[0115] FIG. 8 is envisioned to replace and sit between two windows that have been replaced by two grilles 212 and 226. Other than larger media 218, coil 220, and fan 222 the componentry is similar. FIG. 9 is similar to FIG. 8, but uses large media 240 and coil 242 banks to supply higher capacity. FIG. 10 builds on FIG. 9 to maximize the capacity that an indoor cooler with a "V" coil can achieve. The coil maximizes the horizontal and vertical space available and uses a high capacity fan wall system to move the maximum amount of air through the adiabatic media and cooler or condenser coil.

[0116] With further reference to the air outlet louver 208 of FIG. 11A and the air inlet louver 210 of FIG. 11B, the face of the building into which these louvers are installed is identified by reference number 260. FIGS. 11A and 11B show an external building view of the air inlet and outlet louvers in FIGS. 8 and 9, for example.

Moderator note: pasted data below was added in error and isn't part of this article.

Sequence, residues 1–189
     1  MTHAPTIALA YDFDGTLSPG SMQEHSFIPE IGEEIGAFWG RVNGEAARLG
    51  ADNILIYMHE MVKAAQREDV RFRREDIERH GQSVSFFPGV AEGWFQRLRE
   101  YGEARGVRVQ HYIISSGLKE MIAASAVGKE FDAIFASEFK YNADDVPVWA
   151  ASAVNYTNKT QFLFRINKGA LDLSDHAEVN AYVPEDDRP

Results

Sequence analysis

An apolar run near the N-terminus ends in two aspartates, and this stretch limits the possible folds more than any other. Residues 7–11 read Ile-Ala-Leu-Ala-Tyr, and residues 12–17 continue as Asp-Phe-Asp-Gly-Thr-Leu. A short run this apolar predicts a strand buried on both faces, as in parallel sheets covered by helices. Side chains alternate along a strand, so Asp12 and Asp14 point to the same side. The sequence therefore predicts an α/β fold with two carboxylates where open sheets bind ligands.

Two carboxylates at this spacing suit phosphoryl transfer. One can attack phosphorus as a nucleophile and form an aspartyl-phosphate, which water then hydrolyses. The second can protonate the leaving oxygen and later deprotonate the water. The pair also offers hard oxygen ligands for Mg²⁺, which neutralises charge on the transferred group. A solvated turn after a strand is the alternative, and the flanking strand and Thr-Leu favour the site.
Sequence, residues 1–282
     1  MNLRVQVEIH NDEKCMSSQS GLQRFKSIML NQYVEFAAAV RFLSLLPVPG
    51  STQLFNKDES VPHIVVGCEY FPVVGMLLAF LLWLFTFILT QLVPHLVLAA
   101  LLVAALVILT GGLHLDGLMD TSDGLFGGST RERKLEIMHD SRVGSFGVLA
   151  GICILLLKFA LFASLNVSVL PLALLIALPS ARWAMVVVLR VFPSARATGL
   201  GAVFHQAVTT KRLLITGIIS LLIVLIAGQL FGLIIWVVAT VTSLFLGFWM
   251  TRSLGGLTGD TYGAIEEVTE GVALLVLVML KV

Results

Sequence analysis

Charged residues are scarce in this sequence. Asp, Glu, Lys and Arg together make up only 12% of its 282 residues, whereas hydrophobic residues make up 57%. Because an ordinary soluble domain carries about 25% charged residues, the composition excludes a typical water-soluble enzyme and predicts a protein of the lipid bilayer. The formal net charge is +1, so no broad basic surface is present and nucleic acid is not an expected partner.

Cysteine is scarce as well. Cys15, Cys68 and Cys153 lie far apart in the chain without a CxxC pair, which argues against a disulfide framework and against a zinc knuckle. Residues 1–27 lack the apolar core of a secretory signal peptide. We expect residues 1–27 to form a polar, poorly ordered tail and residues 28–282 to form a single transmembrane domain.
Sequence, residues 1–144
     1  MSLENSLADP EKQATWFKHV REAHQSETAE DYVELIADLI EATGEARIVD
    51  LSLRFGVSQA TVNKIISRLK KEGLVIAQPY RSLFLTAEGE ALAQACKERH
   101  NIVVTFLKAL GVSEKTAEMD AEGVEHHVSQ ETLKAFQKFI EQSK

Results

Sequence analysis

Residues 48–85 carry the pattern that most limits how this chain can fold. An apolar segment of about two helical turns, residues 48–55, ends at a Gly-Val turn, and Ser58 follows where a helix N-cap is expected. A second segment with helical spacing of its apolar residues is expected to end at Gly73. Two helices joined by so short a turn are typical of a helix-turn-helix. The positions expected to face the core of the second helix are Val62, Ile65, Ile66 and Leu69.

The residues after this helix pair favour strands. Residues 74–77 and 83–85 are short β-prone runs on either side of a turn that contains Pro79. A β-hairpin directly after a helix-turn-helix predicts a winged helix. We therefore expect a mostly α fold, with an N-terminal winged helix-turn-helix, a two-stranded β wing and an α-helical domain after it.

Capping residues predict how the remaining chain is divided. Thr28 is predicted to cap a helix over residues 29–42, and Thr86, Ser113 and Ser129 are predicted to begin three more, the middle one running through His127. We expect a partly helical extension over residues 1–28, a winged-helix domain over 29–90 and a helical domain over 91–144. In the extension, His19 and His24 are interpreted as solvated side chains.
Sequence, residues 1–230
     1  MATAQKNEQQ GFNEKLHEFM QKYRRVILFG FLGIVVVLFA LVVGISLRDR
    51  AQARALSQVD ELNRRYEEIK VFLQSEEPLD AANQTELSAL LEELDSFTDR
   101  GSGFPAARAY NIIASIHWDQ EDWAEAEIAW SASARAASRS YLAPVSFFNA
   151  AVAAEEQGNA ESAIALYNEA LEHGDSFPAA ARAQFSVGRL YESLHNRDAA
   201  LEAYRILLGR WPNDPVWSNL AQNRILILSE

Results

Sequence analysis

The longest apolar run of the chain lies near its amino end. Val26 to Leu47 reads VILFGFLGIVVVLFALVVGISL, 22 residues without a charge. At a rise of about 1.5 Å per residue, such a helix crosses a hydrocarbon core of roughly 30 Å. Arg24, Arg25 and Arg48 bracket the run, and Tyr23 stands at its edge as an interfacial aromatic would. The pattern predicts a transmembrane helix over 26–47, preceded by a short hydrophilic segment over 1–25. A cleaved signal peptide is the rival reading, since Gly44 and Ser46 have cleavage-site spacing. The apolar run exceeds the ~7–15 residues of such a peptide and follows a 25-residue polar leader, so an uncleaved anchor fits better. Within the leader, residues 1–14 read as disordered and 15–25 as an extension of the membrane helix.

[0117] With reference to FIGS. 12A, 12B and 12C a CGX residential-hybrid system (wet/dry) cooler 316 within a casing 316a is illustrated. FIG. 12A is a rear view of cooler 316. FIG. 12B is a side view of cooler 316. FIG. 12C is a front view of cooler 316. The three principal portions of cooler 316 include an ECM fan assembly 318, a finned hydronic coil 320, and a "wet" adiabatic precooler assembly 322. Also included as a part of cooler 316 is a location of inlet 324 for entering ambient air, a location 326 for discharge air, a water inlet 328 for adiabatic media, an adiabatic catchment pan 330 with drain to the surrounding ground (yard) and support feet 332. FIGS. 12A-12C illustrate a "hybrid" wet/dry cooler that can be applied to a CGX geothermal loop system. Cooler 316 is applied to a residential system that also uses geothermal loop for heat rejection/heat absorption. The cooler described in FIGS. 12A-12C is meant to add additional heat rejection capacity for warm weather cooling by working in series and after the geothermal loop to additional cooling to the loop water before it enters a condenser of the geothermal heater/chiller.